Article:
Our last post left us thinking about these two questions. Willard’s second question, “does our plan work?” assumes we understand what “working” implies. Our ingrained understanding is that in teaching people to read their Bible, pray, tithe, engage in good works both in the church community and the greater community around them, that we are making disciples. I believe the church has mostly done a very good job of doing these things. But have we made disciples?

In last week’s blog, I observed that the good and faithful folk at my home church were reluctant to engage in the 77 Days of Prayer because they felt they didn’t know how to pray, how to engage with the scriptures, and were uncomfortable being with folk they didn’t choose themselves to meet with! So have we made disciples as Jesus made disciples? We certainly have made good and faithful church folk.

nik-macmillan-280300-unsplash.jpg

So is our plan working? Well, yes, if the above is what we planned to make – good and faithful service attendees. Perhaps now is exactly the time, then, to revisit our plans. Not because we shouldn’t be pastoring, leading, teaching, guiding people to discover life in Christ and the tangible ways it shapes how we choose to live our lives, but because Jesus encouraged this and then pushed us out a little further (or, depending on your particular context, a lot further).

From what I read in the Gospels, Jesus’ method of making disciples was less about corralling the sheep in a safe place, and more like inviting them out of the boat without floaties. He sent them into the leper colonies without vaccines; He sent them into the world purse-less and with no outward protection to face wolves disguised as sheep.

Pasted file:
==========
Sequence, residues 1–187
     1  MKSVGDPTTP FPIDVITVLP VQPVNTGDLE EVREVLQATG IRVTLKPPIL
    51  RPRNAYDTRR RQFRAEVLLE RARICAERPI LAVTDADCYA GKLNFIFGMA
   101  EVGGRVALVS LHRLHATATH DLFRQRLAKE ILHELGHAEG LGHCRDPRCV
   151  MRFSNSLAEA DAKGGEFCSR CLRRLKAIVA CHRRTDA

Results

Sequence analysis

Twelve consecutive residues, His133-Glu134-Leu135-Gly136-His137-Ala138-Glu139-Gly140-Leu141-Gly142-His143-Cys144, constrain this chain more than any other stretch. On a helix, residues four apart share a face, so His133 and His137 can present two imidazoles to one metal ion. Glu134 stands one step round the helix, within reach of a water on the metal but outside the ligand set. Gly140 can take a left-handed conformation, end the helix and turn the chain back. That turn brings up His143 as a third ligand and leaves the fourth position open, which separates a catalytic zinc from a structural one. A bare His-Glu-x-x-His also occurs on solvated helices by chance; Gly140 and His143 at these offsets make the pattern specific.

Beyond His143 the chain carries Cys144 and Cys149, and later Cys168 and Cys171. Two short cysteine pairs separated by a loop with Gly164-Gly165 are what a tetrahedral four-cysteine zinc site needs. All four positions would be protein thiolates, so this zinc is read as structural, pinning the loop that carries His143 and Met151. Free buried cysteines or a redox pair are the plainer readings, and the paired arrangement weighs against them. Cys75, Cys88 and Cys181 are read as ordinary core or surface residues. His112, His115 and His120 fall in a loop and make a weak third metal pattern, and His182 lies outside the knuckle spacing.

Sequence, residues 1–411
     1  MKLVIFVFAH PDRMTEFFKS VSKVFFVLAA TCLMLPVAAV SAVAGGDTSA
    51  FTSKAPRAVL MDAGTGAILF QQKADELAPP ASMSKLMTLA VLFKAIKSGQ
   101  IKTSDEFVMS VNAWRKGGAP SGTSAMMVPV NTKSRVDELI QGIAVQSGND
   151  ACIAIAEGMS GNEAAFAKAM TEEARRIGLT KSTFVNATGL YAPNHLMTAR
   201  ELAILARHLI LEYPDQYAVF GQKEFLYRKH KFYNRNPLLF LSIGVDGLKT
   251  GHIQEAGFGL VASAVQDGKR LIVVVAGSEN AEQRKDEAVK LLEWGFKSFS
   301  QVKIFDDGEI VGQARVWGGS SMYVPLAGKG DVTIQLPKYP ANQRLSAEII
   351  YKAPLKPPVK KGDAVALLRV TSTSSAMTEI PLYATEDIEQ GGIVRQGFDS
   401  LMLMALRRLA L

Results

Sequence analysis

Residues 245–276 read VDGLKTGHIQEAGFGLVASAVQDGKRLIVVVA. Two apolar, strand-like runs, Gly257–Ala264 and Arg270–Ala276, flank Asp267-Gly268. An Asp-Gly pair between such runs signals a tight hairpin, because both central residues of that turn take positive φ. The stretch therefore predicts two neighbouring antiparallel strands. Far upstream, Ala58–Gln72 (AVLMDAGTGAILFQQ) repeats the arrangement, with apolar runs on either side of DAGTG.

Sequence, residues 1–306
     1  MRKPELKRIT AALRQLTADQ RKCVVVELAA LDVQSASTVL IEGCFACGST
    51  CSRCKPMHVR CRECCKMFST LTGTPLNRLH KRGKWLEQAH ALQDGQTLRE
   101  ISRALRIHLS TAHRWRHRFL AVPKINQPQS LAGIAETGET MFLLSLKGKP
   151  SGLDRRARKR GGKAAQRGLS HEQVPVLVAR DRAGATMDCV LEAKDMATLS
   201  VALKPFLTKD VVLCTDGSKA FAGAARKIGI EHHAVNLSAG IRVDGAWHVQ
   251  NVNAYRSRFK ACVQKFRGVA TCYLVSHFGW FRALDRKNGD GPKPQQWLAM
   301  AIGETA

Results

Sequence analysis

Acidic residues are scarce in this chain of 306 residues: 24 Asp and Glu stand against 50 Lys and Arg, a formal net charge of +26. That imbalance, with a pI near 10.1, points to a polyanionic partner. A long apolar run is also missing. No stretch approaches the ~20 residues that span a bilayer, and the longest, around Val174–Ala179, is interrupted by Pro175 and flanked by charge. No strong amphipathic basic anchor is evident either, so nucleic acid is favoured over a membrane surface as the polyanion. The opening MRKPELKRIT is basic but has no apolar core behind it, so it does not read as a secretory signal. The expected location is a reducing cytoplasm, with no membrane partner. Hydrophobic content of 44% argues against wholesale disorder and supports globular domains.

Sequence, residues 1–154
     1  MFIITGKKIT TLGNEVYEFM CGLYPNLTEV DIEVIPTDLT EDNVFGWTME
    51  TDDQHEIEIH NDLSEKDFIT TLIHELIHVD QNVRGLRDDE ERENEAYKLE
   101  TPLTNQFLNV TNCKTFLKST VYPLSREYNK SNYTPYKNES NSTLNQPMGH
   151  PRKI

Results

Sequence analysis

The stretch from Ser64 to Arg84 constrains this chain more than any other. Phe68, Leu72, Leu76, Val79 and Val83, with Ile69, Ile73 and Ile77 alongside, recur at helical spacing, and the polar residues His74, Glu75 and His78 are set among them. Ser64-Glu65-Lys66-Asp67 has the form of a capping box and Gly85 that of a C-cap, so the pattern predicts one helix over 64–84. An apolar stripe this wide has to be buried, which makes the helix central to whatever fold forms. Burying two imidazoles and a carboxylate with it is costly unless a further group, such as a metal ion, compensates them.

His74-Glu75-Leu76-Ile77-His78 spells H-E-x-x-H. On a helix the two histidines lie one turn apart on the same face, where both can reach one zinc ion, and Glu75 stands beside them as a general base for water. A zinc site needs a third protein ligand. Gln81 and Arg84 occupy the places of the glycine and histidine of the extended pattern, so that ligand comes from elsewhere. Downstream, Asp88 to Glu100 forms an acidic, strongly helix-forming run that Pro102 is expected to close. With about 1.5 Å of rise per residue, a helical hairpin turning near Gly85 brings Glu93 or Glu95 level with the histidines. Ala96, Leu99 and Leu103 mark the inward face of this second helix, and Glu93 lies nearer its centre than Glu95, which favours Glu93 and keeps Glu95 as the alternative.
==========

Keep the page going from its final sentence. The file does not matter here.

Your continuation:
Jesus’ method of making disciples was life on life: take a risk, get out of your comfort zone, practice/make mistakes/learn something more/go try again until that demon listens, that mountain is thrown into the sea, that challenge is met and the Kingdom of God reveals itself right in front of our sometimes-unexpectant eyes!

When Jesus gave His disciples some of His final words while on this earth, He commanded them to make disciples devoted to and covenanted with God, and to teach those disciples to listen to and live by everything He had been teaching to the current batch of disciples. Those first disciples, upon doing that, likely told their disciples to do the same when they were ready to be sent out, since they would have been doing and saying what Jesus instructed them to do. And so on. Disciples make disciples who can make disciples.

This was what Jesus Himself called His followers to do. He commanded us to make disciples and stated He would build His church. In our current evangelical model, we usually build the church and bring those we’d like to be disciples to someone else to disciple.

So is our plan working?